KURE BEACH – It became evident that the visitor center at Fort Fisher State Historic Site had outgrown itself some time ago.
By the mid-2000s, the Civil War fort was drawing 600,000 visitors each year.
“In 2021, we finally exceeded 1 million visitors,” site manager Jim Steele said.
That number clearly wasn’t in mind when the site’s visitor center was designed more than a half-century ago.
The center, which been sitting since 1965 at the entrance to the historic site at the southern end of Pleasure Island in New Hanover County, was designed for 25,000 visitors a year.
After more than a decade of planning and fundraising, Fort Fisher is undertaking a project that includes a new center, one three times larger than the current building, to house updated exhibits in an open, airy indoor space that will offer views of the natural, picturesque landscape nestled at the mouth of the Cape Fear River at the Atlantic Ocean.
Officials, including N.C. Department of Natural and Cultural Resources Secretary Reid Wilson, recently took a “hard-hat tour” of the new visitor center site.
Wilson said that when he became chief deputy secretary of the state natural and cultural resources department in 2017, the push to build a new visitor center at Fort Fisher was “one of the first things I heard about.”
“This is a beautiful spot with a rich and complex history,” he said. “I’m here eager to learn how all this is going.”
Though work kicked off about six months ago, there’s little to actually see of the new building. The tops of concrete pilings driven 50 feet deep into the ground jut from what looks like freshly dug earth.
Those pilings alone took the better part of two months to install, and they are the foundation of what will be a two-story building built to endure hurricane-strength winds and flooding associated with coastal storms.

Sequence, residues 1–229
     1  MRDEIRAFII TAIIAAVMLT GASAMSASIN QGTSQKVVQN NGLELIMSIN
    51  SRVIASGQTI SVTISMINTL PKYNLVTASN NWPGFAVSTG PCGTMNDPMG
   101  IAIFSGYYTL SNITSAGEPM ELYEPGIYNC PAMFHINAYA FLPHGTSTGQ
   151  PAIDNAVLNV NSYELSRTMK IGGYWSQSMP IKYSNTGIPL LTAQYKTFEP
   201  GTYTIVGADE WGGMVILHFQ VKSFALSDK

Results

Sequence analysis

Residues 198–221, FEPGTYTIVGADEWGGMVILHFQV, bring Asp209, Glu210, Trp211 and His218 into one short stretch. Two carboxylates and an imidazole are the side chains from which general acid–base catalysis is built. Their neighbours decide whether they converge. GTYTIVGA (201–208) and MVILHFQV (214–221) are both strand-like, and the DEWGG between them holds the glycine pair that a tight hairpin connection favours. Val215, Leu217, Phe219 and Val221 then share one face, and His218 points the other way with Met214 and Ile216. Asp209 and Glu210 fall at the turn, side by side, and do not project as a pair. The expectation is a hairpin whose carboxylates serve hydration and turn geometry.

There will be glass, lots of glass, to let natural light into the building and offer an unobstructed view of the fort’s earthen structures from the parking lot.
Upstairs, visitors will be able to travel back in time as they peruse the artifacts in the main exhibit space. Glass walls will offer views ocean and natural landscape, one peppered by live oaks from the river banks to just before the ocean shore.
There will be a 120-person capacity multipurpose room available to rent, a gift shop overlooking the fort’s earthworks, a second-story balcony, a theater that will sit 100 people, and a changeable exhibit gallery of artifacts from the North Carolina Underwater Archeology Center.
The underwater archeology center, or UAC, is housed at Fort Fisher in a series of buildings, some built during World War II. A new lab is also under construction several yards from the visitor center. The lab is not open to the public.
The new visitor center and archaeology facility carry a price tag of $25.5 million, funds primarily secured through state budget appropriations.
Nearly $3 million more is needed to complete the overall site improvement project, which includes reconstruction of a series of Civil War-era mounds. To clear the site for a runway, the Army bulldozed three of the mounds after activating Fort Fisher as a training base during World War II. A fourth mound was taken out during construction of U.S. 421, which ends at the N.C. Department of Transportation’s Fort Fisher ferry terminal.
“Right now this is the only part of the project that’s not funded yet,” Steele said.
The idea is to tell a complete and inclusive history of Fort Fisher, one where reconstructed underground bunkers will give visitors a real sense life in a Confederate fort, one built of mostly earth and sand by soldiers and more than 500 free and enslaved African Americans.
Construction of the visitor center is expected to be complete in mid- to late May 2024. Once the building is open to the public, the current center is to be torn down.